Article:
admin-ajax.php

How Banks Value Properties

The difference between the price paid by the buyer and the bank valuation is often high – over 20% – and the differential is spreading.

When asked about this situation, I replied that the solution should be a relatively simple one.

Firstly, bank valuers should be paid more – they carry the risk, not the bank – and this, in theory, would allow them time to conduct the appropriate research, and secondly – as we noted  – rental return should determine value, not what a previous buyer paid.The difference between the price

If you require finance to complete the purchase of a dwelling, all financiers seek a valuation to ascertain the value of the property that is being offered as security for the loan.

Licensed valuers must base their opinion on hard evidence and take legal responsibility for any information they provide.

Australia’s four major banks have a panel of valuers who are assigned to value a particular property through a process called “Valuation Exchange” (Valex).

Smaller financiers often use the same valuers as the “big four”, although there are many valuers who are not part of the Valex system.

To assess a property’s value, a valuer must inspect the property, record details on the number and type of rooms, along with fixtures, fittings and any improvements.

A property’s unique attributes will also be taken into account, such as:

  • location
  • building structure and its condition
  • standard of presentation and fit-out
  • standard of fixtures, fittings and facilities
  • zoning and whether and planning restrictions apply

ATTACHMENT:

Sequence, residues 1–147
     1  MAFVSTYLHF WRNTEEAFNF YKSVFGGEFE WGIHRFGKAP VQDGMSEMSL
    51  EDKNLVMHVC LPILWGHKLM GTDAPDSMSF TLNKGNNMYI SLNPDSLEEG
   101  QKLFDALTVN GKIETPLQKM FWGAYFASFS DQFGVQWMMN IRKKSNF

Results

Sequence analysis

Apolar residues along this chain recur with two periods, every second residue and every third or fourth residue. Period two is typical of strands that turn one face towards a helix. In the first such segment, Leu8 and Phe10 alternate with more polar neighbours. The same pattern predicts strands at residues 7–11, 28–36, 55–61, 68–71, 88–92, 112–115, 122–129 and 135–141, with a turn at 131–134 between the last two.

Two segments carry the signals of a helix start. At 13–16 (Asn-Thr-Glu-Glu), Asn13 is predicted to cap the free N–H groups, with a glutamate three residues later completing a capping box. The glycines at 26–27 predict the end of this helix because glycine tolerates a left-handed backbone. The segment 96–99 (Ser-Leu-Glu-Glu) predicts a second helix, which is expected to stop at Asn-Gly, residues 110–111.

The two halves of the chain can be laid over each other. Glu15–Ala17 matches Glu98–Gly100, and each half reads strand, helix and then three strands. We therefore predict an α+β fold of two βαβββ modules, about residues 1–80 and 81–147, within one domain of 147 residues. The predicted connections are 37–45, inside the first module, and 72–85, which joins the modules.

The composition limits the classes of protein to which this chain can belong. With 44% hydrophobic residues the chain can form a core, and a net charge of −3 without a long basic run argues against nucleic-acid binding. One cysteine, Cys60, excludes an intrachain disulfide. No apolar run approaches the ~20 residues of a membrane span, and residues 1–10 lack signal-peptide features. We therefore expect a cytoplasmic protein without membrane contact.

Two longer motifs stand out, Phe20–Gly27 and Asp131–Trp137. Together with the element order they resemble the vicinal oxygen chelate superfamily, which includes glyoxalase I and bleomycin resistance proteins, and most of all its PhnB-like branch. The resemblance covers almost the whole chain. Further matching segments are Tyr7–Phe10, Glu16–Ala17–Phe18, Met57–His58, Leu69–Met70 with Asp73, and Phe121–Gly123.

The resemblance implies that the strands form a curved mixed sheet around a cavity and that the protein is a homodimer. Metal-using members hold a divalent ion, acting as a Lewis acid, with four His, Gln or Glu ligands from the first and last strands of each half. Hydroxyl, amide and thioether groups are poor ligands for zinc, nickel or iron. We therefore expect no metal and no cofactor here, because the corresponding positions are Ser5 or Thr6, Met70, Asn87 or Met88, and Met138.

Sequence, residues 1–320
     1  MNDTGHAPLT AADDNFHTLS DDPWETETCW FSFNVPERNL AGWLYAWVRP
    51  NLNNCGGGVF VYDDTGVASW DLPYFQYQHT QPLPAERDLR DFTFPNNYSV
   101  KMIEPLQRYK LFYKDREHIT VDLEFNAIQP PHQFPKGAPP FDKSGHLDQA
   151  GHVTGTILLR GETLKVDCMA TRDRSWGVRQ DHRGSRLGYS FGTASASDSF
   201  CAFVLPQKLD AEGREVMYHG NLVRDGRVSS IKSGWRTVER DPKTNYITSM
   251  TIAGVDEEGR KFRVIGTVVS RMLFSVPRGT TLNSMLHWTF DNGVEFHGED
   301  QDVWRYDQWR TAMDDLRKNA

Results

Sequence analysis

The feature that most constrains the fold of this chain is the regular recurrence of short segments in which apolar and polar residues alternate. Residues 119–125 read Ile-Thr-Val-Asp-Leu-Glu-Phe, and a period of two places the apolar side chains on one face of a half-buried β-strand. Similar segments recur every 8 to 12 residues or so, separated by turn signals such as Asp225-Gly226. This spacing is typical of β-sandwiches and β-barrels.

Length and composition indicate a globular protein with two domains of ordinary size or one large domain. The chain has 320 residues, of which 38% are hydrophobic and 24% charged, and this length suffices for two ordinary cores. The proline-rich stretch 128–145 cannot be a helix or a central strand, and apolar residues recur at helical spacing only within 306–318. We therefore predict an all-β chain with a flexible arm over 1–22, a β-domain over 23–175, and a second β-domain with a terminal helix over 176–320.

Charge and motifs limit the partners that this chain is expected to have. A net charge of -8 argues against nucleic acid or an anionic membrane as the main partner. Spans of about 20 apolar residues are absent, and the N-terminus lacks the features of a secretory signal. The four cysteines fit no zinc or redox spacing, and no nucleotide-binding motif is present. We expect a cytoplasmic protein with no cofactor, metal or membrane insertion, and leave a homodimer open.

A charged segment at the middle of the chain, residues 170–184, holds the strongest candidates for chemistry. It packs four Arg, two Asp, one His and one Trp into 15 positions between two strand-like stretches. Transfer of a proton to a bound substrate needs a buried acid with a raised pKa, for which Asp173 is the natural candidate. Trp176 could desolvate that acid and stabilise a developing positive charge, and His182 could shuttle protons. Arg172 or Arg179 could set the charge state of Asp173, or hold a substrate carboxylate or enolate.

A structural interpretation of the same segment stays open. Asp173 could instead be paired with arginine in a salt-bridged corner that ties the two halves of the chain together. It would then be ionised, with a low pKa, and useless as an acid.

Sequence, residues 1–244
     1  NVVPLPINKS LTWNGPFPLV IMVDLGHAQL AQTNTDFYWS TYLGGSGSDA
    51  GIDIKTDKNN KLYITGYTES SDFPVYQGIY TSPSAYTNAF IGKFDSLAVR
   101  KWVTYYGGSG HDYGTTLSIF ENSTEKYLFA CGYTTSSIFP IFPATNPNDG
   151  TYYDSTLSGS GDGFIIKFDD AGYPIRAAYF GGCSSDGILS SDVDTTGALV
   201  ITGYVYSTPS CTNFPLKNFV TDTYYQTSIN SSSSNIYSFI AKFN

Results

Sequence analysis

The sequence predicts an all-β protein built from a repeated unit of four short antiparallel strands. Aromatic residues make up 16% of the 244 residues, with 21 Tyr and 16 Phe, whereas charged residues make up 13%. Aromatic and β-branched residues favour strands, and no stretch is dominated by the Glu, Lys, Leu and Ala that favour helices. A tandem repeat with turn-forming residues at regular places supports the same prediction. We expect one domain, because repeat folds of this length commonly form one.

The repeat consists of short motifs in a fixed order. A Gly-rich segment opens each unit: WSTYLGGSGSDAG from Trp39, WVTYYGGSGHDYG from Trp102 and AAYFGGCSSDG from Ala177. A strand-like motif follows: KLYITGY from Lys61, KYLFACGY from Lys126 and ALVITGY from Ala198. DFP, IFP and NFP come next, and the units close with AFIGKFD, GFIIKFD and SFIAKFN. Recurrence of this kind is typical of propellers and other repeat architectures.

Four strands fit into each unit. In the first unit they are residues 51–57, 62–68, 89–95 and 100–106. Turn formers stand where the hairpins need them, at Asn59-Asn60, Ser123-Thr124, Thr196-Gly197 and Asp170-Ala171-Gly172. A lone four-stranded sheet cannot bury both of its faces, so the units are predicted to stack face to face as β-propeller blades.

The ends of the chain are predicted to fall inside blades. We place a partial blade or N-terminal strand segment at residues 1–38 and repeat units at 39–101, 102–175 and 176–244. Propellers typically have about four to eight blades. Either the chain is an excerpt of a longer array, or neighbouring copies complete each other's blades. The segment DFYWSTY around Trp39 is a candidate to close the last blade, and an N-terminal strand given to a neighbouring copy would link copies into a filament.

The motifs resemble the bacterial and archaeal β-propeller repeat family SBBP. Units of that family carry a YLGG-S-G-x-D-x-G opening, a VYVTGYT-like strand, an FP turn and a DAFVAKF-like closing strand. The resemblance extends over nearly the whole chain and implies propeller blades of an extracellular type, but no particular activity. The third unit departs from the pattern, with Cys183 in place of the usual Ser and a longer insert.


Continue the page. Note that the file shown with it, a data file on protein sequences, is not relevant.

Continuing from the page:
The valuer combines these attributes together with recent comparable sales in the surrounding area and prevailing market conditions to produce a valuation report.

Several photographs must also be taken to support their findings.

The identification of appropriate comparable sales is often the most contentious issue, especially in relation to new apartments purchased “off-the-plan”.  

There are a number of reasons for this, as detailed below.

  • Comparable sales should be recent (less than six months’ old).This is problematic when the number of sales is low (perhaps because of a limited supply of dwellings for sale) or because of economic factors.The number of dwelling sales last year in Brisbane, for example, was well below historical averages as a result of the January 2011 flood.This has meant that identifying the required number of comparable sales has become that much harder.The identification of appropriate comparable sales
  • Sufficient analysis of alleged comparative sales must occur so that family transfers and distressed sales are not shown as market transactions.
    For example, one of our developer clients arranged for one of its newly-completed apartments to be valued by several valuers independent of the banks.The first valuation came in at $720,000.  The second at $730,000 and the third at $595,000!Why was the third valuation so low?Because the valuer in question had erroneously based the valuation on a “distressed sale” in a nearby project.

    Such sales are considered to be inconsistent with the concept of ‘Market Value’ as defined in the Australia and New Zealand Valuation and Property Standards.